The lake wasn't yet frozen.

It was a beautiful view.
Reluctantly I turned to head back down, at one point encountering the friendly skier whose tracks I had followed (but not walked in, because that's just wrong).  Nobody else came up that far.  As I descended I slowly left winter behind, to return to autumn for just a little while longer.


Wednesday, October 16, 2013

happy second chances day

Ten years ago today this happened.

I really thought I wouldn't make it out of it alive, but I did.


Every year, I send the pilot a thank you card.  He had about 2 seconds to react to a catastrophic mechanical failure.

Sometimes this world can be frustrating and heartbreaking, but most of the time it is pretty wonderful.  I'm glad I'm still in  it.

Thursday, October 10, 2013

My favorites....(so far)

I'm suffering from a lack of good blogging material lately, being as I'm still furloughed from my government job, and it is cold and rainy around here.  So here it is, another list of random things I really like! Feel free to add yours in the comments or in your blog and include the link...if anyone is out there.  Anyone? Bueller?

Favorite lake: Lago de los Tres, Patagonia (Argentina).  It was a cold, rainy, snowy day when I hiked here, but it was magical.

Favorite peak climbed: Although I loved the experience of Kilimanjaro and some of the others, Mera Peak (21,247') in Nepal was my favorite.  I really liked the other people I climbed with and Nepal is an amazing country.

Favorite beach:  Hot Water Beach on the Coromandel Peninsula in New Zealand.  If you arrive around low tide, you can dig a hole in the sand and it fills up with hot water, making your own hot spring.  It's been a really long time since I was there though, and it looks like it's much more popular now.  You wouldn't have a lot of privacy, unless you went at night or at an off time of year.

Image from here
Favorite wild animal:  Mountain goat. I love the high places where they live.

I took this picture on a trail near here.  Look how fluffy!
Favorite tropical destination:  Probably Belize, although I'd like to go back there with someone different this time.

Favorite Oreo: Birthday Cake, of course! I seriously can't control myself around them, though.

Oh and by the way, while searching for a picture of these, I came across the fact that they also make a fudge covered version of these. Thanks a lot, Internet. Thanks a lot.

Favorite place to stay: A fire lookout. National forests in many areas rent them out.

Favorite place to run:  Any trail.  I rarely run on roads anymore.

Favorite place I've worked:  North Cascades National Park.  So many trails to hike...beautiful mountains.

Photo from Wikipedia

But enough about me...what about you?

Monday, October 7, 2013

Some (kind of) good things about being furloughed

It's deeply weird not to go to work on a Monday.  It's even weirder (and sad) to read what some people are posting on Facebook, like "we don't need those people!" and "national parks and forests are unworthy of a government presence" (whatever that means).  But I'm determined to find some perks to the non-essential life.   Here's a few.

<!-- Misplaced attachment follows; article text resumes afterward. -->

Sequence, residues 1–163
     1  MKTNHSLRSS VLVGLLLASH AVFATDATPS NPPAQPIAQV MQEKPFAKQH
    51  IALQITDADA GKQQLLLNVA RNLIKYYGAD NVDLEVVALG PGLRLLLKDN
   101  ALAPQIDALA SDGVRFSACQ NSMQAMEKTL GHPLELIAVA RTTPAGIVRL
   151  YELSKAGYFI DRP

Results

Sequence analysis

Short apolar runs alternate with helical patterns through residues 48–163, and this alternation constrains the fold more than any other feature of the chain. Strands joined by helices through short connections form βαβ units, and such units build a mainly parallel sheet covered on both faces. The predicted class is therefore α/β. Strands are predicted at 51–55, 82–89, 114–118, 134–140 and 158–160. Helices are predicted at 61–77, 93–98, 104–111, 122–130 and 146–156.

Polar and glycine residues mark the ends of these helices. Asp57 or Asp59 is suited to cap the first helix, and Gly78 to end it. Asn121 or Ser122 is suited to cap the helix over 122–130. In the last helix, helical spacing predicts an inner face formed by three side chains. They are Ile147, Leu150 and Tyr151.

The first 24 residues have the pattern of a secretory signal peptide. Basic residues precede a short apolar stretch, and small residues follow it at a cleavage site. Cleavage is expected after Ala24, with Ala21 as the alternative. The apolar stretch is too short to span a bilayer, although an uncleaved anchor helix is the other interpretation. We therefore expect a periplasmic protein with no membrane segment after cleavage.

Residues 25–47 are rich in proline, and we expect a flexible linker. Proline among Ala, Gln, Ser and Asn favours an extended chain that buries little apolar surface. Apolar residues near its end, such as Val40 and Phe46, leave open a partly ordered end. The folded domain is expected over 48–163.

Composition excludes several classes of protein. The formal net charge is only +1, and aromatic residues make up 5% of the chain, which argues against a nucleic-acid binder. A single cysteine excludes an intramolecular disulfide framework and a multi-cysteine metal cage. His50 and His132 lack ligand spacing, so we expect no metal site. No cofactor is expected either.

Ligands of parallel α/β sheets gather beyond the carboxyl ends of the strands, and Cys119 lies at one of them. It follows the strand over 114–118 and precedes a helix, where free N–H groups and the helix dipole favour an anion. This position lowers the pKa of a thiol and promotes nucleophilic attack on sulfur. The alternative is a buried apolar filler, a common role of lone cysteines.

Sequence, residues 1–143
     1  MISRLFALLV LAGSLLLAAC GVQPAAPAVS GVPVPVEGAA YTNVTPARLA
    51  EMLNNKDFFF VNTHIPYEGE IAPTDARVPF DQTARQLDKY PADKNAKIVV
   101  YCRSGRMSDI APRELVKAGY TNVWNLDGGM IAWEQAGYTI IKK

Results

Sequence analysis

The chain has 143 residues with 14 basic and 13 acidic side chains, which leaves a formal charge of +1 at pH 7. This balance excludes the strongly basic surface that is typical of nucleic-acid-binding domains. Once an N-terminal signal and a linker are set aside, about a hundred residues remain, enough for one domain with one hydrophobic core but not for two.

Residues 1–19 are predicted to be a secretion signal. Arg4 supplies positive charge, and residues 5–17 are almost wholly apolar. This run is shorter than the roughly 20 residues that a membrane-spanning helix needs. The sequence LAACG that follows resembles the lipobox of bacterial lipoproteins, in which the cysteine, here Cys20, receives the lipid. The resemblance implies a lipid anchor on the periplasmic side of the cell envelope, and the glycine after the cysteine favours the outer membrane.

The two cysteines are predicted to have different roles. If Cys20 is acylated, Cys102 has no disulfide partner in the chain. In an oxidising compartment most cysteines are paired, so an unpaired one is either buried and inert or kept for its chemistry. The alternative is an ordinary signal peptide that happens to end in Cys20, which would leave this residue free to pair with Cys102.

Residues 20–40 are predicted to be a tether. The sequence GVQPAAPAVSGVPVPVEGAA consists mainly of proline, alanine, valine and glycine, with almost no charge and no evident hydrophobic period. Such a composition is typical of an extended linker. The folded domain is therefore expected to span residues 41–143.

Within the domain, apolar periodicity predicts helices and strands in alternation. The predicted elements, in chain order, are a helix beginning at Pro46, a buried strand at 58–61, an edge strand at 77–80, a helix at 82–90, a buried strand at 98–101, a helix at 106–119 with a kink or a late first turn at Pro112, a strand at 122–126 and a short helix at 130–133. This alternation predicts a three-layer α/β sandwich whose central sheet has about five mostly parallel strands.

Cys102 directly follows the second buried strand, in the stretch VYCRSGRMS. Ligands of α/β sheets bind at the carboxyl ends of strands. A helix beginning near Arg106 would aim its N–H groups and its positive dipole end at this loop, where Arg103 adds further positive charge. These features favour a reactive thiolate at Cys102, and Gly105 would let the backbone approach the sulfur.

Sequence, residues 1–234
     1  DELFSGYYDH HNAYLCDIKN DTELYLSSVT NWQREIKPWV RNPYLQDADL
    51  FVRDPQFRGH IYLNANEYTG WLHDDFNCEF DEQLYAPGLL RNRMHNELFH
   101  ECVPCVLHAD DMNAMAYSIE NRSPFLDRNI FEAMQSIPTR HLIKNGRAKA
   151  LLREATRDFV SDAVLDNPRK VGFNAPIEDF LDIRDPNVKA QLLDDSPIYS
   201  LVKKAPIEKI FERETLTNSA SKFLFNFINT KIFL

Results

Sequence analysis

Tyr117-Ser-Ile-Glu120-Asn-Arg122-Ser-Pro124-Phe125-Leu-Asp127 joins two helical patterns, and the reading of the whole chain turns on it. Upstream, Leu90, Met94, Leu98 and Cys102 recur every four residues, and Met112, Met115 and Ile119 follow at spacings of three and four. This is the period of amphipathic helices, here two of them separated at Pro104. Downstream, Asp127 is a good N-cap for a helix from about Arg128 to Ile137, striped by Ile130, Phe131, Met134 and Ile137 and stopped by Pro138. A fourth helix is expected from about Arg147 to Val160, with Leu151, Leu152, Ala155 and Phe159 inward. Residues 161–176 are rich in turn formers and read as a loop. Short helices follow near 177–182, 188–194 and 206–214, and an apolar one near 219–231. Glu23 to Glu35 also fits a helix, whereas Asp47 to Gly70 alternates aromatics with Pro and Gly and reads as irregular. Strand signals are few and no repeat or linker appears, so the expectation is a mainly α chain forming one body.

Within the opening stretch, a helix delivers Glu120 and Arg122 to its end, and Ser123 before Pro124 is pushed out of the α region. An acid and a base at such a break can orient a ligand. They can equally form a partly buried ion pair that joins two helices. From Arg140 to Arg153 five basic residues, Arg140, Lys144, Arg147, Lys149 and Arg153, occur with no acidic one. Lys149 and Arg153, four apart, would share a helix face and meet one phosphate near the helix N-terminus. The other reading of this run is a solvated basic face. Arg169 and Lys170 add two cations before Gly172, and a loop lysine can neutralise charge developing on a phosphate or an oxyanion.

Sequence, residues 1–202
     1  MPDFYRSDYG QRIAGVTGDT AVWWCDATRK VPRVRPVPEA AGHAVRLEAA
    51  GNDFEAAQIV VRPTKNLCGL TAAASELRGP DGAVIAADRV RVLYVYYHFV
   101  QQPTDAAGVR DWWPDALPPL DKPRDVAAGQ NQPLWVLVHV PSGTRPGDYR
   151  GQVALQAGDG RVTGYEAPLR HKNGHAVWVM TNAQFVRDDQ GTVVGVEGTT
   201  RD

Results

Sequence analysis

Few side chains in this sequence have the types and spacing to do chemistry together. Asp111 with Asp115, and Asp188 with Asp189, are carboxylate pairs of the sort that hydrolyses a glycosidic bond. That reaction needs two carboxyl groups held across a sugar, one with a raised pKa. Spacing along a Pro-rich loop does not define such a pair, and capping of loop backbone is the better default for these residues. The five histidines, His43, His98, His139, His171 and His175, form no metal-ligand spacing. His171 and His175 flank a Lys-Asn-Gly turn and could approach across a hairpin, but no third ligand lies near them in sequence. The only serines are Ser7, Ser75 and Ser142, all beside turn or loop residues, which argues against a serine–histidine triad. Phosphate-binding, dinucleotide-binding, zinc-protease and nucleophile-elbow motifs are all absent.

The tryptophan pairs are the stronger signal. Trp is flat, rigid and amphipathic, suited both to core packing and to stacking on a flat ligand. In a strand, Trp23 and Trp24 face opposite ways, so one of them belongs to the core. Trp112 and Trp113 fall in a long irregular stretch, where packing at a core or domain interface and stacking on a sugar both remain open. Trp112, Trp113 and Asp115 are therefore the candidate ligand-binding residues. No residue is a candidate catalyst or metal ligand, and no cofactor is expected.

1.  I can go to the gym in the middle of the day and beat the crowds.  And I can wonder: who are all these able bodied, non-retirement-age folks there?  They don't work with me, so they aren't federal employees.  Trophy wives?  Shift workers?  Trust funders?  Who are all you people?

2.  I can do house projects.  I know, boring, but I planted seven trees all by myself, and they weren't small trees either.  One was an apple tree; another benefit of being temporarily unemployed is that I can see if it is actually getting the six hours of sun it requires.  I can be heard to exclaim, "There's sun on the apple tree!" throughout the day.

3.  I can go on trips!  I'm still sorting this one out, but there are a lot of possibilities.  Hot springs in Canada?  Colorado? Time to be spontaneous!

4.  I can hang out here:

Love my hot tub.  LOVE.  Note the yellow ducky.
5.  Actually, the possibilities are endless.  Although, I did get a call asking if I'd be available for a fire or a hurricane...I guess then I'd be "essential" again.

I have time to take lots of silly selfies, too.  You're welcome.


Wednesday, October 2, 2013

Shut. Down.

I try not to get too political on here, because there are so many more interesting things to talk about, and because you never know who might be reading.  All opinions on here are my own and not of my employer or employing agency.

However, as a government employee I'm feeling pretty discouraged.  I'm going to be furloughed, with no assurance of pay, through no fault of my own, along with some 800,000 other federal workers. I'm trying to stay positive but it's difficult at times.  It's hard to spend your summer away, protecting other people's home and property from wildfire, and then feel like nobody cares.  I've even seen people's comments on Facebook saying they are glad the government shut down, or telling us we should be happy we are getting a "vacation."

I'll be back soon with a happier post.  Time to spend some time in the mountains.